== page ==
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Faster & fairer - science & sport at King's College London

You are what you eat

Nurse at King's College HospitalNurse at King's College HospitalNutrition is the study of food intake to improve health and prevent disease.

Specialist sports nutritionists play an important role in the training of athletes before, during and after competition by designing individual diet regimens tailored to the demands of their particular sports.

They must also make allowance for the cultural and other preferences of competitors: meals and supplements not only have to be nutritious but also tasty.

Magazine cartoon, 1952Magazine cartoon, 1952Regulating carbohydrate intake is particularly important for endurance sports to help provide the energy such athletes need and avoid problems of low blood sugar.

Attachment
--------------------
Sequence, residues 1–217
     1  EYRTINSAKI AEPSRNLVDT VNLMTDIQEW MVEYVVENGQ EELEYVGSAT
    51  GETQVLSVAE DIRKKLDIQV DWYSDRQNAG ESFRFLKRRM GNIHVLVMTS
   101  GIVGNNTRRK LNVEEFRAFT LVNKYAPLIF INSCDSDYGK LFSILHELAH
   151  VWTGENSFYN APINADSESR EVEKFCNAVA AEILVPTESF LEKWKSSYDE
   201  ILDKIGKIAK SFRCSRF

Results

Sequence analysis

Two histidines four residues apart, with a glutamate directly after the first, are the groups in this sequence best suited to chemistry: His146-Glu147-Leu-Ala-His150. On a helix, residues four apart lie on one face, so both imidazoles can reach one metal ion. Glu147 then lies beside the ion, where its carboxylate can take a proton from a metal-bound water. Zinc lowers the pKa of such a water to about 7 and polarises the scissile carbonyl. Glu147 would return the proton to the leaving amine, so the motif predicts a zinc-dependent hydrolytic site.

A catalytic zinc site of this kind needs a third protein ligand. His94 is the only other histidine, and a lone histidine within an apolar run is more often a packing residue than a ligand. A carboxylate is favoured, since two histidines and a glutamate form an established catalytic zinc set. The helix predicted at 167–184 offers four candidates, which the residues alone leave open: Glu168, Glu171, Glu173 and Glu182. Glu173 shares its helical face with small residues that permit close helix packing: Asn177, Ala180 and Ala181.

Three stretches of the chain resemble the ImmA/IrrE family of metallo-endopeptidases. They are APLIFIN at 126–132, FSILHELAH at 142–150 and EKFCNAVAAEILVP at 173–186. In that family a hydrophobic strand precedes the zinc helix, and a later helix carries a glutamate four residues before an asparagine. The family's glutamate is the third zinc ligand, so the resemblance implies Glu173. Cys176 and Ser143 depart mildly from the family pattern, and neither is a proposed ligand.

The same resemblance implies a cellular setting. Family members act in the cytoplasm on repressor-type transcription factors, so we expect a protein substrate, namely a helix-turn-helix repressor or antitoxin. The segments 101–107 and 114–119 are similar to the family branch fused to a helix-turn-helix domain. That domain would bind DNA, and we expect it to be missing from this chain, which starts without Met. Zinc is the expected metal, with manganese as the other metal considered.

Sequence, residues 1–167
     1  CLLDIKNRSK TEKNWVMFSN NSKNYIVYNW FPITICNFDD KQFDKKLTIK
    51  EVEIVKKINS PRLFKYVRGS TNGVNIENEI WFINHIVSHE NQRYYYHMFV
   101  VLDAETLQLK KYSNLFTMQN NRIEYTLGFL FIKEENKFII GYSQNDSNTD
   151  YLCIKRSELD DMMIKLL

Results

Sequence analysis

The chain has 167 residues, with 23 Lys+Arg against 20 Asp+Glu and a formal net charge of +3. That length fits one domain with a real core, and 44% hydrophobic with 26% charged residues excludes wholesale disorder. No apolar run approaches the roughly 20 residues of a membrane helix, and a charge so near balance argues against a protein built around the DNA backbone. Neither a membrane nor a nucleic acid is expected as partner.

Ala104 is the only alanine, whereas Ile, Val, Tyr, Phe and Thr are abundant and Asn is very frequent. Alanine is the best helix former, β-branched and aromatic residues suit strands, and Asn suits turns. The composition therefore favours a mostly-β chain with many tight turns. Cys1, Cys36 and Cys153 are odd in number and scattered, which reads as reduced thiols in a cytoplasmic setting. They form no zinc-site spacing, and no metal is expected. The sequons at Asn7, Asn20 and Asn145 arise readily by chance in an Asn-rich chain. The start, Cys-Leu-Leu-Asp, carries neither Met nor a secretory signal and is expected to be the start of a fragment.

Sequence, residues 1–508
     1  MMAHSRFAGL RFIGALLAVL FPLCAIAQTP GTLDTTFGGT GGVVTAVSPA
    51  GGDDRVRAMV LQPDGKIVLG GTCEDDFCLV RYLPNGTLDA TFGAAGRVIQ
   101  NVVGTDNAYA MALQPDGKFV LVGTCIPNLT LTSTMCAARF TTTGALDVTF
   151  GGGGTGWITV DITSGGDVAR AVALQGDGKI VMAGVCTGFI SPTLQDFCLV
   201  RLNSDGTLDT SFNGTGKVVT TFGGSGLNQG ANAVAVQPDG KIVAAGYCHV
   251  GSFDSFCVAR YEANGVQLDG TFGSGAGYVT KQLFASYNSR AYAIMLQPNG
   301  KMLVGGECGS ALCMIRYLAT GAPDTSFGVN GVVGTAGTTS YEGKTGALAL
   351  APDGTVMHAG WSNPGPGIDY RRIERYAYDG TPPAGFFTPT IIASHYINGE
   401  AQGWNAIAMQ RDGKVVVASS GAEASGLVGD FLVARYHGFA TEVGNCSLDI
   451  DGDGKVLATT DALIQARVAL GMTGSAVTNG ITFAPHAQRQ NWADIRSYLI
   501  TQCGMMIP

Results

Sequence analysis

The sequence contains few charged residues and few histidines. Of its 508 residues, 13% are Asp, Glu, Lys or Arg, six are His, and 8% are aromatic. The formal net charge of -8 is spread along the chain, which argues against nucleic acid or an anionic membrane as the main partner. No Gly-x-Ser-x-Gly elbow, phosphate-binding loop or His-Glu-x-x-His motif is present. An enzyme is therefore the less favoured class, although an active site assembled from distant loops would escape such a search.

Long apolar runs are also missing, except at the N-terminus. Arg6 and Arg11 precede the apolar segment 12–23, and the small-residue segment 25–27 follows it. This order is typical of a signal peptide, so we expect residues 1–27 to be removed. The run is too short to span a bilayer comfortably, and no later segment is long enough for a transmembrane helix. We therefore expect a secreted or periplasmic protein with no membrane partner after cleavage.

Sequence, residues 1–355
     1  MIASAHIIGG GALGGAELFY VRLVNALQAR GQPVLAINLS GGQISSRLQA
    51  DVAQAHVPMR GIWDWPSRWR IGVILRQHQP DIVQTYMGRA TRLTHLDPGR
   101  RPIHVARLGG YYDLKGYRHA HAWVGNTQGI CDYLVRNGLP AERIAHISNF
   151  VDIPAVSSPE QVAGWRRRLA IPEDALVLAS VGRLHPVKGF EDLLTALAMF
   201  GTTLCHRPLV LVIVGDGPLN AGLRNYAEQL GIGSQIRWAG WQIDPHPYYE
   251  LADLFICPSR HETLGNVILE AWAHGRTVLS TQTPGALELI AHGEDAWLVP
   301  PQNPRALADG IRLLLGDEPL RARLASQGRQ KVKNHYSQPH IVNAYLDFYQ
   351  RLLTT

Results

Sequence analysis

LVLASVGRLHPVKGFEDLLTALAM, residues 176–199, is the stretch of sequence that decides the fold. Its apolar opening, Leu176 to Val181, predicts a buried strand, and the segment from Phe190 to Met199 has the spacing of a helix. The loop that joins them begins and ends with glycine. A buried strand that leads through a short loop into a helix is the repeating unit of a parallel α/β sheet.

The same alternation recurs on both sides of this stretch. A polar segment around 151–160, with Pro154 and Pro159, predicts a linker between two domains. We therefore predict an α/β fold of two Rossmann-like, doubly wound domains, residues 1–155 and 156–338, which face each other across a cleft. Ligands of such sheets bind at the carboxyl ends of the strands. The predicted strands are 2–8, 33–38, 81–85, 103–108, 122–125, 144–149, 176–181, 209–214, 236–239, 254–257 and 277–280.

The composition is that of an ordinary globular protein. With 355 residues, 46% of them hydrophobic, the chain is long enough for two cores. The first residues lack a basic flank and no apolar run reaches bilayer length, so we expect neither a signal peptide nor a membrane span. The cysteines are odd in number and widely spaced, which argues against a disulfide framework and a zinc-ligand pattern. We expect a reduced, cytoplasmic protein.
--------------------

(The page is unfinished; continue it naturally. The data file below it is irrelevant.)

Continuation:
Nutritionists also work to ensure a proper balance of protein to build up athletes' body mass, and of vitamins found in fruit, vegetables and other foods.

They are similarly careful to adjust their regimens to reflect the reduced energy requirements of athletes recovering from injury, while providing advice on the differences between training in winter and summer and warning of the risk of dehydration.

Crucially, they must also be aware of the potential dangers posed by the presence of banned substances in dietary supplements.

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